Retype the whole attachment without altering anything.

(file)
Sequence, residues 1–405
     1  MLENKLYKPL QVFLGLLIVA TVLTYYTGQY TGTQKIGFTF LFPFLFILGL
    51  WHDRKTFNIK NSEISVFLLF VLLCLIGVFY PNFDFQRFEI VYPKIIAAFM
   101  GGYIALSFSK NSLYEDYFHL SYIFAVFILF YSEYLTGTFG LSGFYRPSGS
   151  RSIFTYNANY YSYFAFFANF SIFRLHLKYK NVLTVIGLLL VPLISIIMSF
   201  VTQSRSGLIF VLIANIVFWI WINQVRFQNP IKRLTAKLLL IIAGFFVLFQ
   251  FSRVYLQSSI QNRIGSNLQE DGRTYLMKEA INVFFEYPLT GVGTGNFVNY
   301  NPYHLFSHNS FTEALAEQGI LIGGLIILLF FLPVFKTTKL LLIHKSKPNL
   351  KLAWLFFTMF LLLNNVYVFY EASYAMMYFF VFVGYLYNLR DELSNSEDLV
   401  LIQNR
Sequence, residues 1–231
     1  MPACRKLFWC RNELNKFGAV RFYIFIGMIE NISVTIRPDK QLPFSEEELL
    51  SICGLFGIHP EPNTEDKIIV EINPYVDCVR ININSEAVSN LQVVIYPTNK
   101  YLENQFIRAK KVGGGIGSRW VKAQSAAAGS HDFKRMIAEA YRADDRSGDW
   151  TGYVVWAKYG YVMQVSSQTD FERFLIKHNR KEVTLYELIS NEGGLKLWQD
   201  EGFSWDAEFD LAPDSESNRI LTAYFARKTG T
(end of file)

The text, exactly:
Sequence, residues 1–405
     1  MLENKLYKPL QVFLGLLIVA TVLTYYTGQY TGTQKIGFTF LFPFLFILGL
    51  WHDRKTFNIK NSEISVFLLF VLLCLIGVFY PNFDFQRFEI VYPKIIAAFM
   101  GGYIALSFSK NSLYEDYFHL SYIFAVFILF YSEYLTGTFG LSGFYRPSGS
   151  RSIFTYNANY YSYFAFFANF SIFRLHLKYK NVLTVIGLLL VPLISIIMSF
   201  VTQSRSGLIF VLIANIVFWI WINQVRFQNP IKRLTAKLLL IIAGFFVLFQ
   251  FSRVYLQSSI QNRIGSNLQE DGRTYLMKEA INVFFEYPLT GVGTGNFVNY
   301  NPYHLFSHNS FTEALAEQGI LIGGLIILLF FLPVFKTTKL LLIHKSKPNL
   351  KLAWLFFTMF LLLNNVYVFY EASYAMMYFF VFVGYLYNLR DELSNSEDLV
   401  LIQNR
Sequence, residues 1–231
     1  MPACRKLFWC RNELNKFGAV RFYIFIGMIE NISVTIRPDK QLPFSEEELL
    51  SICGLFGIHP EPNTEDKIIV EINPYVDCVR ININSEAVSN LQVVIYPTNK
   101  YLENQFIRAK KVGGGIGSRW VKAQSAAAGS HDFKRMIAEA YRADDRSGDW
   151  TGYVVWAKYG YVMQVSSQTD FERFLIKHNR KEVTLYELIS NEGGLKLWQD
   201  EGFSWDAEFD LAPDSESNRI LTAYFARKTG T